Mix smaller stones with larger rocks, all in the same hue, for a cohesive and naturalistic look. You can nestle pots into gravel, as seen above, for a pop of color.
If you love the idea as much as we do, our small rock garden ideas gallery has lots more inspo.
How deep should I plant my cactus?
Plant your cactus no deeper than it was planted when you bought it or it may rot, advises Ralph Northcott from Cactus Shop UK.
'The exception would be if it is a more mature plant, which has natural brown corking around the base,' he adds. 'This cactus can be safely planted lower to hide the brown base.'
Do you water a cactus from the top or bottom?
Most cacti like water from the top to keep them clean and healthy, says Ralph Northcott from Cactus Shop UK. This is especially the case if they're kept indoors as it prevents them from getting dusty, he adds.
However, there are two exceptions, Ralph explains. The rosette-shaped ones must be watered from underneath, otherwise water can be trapped in the rosettes for a long time and lead to rot. Meanwhile, cacti from very hot areas can have a white coating or 'farina' – a bit like some grapes. Watering these from the top could spoil their appearance, Ralph says.
How can I get my cactus to flower?
Want to get your cactus to flower? There are two things to try, says Ralph Northcott from Cactus Shop UK:
- Feed with a high-potassium fertilizer – such as a tomato fertilizer – monthly in summer.
- Keep cacti in a sunny position all year. However, try to keep them dry and in a cool place in winter; a cooler regime will help to initiate buds. So, avoid keeping them near a radiator if you're growing cacti indoors.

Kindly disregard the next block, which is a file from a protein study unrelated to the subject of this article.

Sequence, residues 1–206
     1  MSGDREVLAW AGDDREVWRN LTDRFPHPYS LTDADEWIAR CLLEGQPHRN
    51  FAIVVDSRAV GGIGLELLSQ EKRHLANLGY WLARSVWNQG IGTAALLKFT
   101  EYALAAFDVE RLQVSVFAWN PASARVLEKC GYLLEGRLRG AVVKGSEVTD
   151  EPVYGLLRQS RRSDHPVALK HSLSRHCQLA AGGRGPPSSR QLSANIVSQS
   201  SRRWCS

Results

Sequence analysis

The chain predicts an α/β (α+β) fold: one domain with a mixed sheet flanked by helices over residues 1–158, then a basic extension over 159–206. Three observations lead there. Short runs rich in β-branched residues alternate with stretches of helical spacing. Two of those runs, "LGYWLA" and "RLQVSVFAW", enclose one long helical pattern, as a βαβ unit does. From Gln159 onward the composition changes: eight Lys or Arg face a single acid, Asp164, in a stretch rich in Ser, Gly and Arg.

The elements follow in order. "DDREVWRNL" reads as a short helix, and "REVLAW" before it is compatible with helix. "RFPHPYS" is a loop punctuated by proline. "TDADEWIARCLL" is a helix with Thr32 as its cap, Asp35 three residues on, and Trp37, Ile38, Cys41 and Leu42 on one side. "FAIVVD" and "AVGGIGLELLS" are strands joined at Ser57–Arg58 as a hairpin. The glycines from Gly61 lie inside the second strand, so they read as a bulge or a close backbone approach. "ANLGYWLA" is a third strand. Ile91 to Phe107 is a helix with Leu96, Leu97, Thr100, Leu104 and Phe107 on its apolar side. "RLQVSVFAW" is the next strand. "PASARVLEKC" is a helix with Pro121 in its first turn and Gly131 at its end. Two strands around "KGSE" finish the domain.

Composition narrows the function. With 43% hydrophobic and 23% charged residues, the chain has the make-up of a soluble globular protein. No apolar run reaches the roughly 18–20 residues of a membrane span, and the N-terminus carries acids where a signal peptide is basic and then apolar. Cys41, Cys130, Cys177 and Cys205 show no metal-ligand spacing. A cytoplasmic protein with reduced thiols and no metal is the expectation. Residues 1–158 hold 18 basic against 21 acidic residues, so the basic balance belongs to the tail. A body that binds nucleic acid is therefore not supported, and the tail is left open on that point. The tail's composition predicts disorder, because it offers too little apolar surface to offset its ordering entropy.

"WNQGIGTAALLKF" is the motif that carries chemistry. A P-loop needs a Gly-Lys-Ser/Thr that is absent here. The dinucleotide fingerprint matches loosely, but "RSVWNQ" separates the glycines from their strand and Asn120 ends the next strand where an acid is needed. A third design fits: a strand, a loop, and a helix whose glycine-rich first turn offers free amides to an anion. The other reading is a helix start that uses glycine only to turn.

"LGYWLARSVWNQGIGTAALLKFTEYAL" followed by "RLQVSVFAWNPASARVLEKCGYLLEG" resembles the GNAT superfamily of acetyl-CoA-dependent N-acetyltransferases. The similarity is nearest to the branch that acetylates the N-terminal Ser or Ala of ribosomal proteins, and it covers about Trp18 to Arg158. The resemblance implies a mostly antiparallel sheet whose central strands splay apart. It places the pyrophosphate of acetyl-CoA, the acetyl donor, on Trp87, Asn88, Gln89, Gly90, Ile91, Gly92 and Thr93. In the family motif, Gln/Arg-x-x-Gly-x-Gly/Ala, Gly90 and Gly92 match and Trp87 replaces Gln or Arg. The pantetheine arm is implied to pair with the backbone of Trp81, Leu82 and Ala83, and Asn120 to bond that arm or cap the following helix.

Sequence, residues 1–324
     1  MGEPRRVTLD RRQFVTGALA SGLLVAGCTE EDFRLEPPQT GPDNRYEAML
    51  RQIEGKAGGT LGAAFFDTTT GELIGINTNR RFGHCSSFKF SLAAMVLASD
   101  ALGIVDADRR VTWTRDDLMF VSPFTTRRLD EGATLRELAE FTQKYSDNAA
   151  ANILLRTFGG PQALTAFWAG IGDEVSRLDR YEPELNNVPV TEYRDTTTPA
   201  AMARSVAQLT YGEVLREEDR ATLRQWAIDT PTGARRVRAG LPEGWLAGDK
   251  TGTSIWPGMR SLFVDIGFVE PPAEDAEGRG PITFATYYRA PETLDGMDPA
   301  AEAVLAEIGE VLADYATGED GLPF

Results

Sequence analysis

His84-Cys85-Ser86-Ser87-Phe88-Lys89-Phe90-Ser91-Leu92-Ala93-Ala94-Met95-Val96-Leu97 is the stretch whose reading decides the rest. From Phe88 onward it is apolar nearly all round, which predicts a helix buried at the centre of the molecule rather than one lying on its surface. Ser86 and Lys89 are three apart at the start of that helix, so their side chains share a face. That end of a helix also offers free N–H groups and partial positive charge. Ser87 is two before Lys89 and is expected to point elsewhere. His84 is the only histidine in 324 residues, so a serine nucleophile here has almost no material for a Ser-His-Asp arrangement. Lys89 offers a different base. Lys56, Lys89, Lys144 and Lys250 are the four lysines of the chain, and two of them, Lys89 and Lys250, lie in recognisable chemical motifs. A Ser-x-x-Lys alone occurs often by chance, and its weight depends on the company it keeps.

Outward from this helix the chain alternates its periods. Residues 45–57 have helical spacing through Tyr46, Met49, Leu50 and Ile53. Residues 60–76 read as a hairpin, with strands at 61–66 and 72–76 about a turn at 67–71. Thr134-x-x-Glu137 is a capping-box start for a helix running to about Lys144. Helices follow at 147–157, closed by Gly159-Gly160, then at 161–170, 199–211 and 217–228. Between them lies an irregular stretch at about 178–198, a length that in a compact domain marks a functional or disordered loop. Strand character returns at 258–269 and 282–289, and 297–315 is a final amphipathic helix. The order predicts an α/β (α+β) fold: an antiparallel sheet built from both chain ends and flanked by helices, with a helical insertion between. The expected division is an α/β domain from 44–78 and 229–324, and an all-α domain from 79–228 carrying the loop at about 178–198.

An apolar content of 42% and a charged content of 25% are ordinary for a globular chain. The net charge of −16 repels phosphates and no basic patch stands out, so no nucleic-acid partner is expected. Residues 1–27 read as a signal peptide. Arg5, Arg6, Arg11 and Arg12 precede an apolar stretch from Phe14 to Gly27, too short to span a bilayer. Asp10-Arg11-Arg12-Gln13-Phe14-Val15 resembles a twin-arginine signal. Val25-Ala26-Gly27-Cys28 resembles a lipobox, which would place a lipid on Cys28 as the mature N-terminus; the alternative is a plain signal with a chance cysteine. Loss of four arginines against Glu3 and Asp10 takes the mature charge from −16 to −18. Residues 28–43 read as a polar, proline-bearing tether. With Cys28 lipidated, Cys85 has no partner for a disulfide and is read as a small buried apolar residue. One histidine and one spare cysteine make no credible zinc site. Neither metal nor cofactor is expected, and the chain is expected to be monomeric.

How do I know if my cactus is healthy?
A cactus is healthy if it is growing, flowering and keeping a good color and shape, explains Ralph Northcott from Cactus Shop UK.
Too thin and spindly means it's not receiving enough light. If it's not growing (in summer, when it's supposed to) then it might have lost its roots. This is a result of being either too dry or too wet.
The garden was always a big part of Holly's life growing up, as was the surrounding New Forest where she lived. Her appreciation for the great outdoors has only grown since then. She's been an allotment keeper, a professional gardener, and a botanical illustrator – plants are her passion.
Take part in the RSPB’s Big Garden Birdwatch 2023 to save our feathered friends
Gardens Watching garden visitors for just one hour in the Big Garden Birdwatch 2023 could help provide vital data to protect birds from the effects of climate change
By Jayne Dowle • Published
Do you need to chit potatoes? Find out what the experts say
Grow Your Own Learn how to chit potatoes before planting them in the ground and you’ll be on your way to getting an earlier and bigger harvest
By Drew Swainston • Published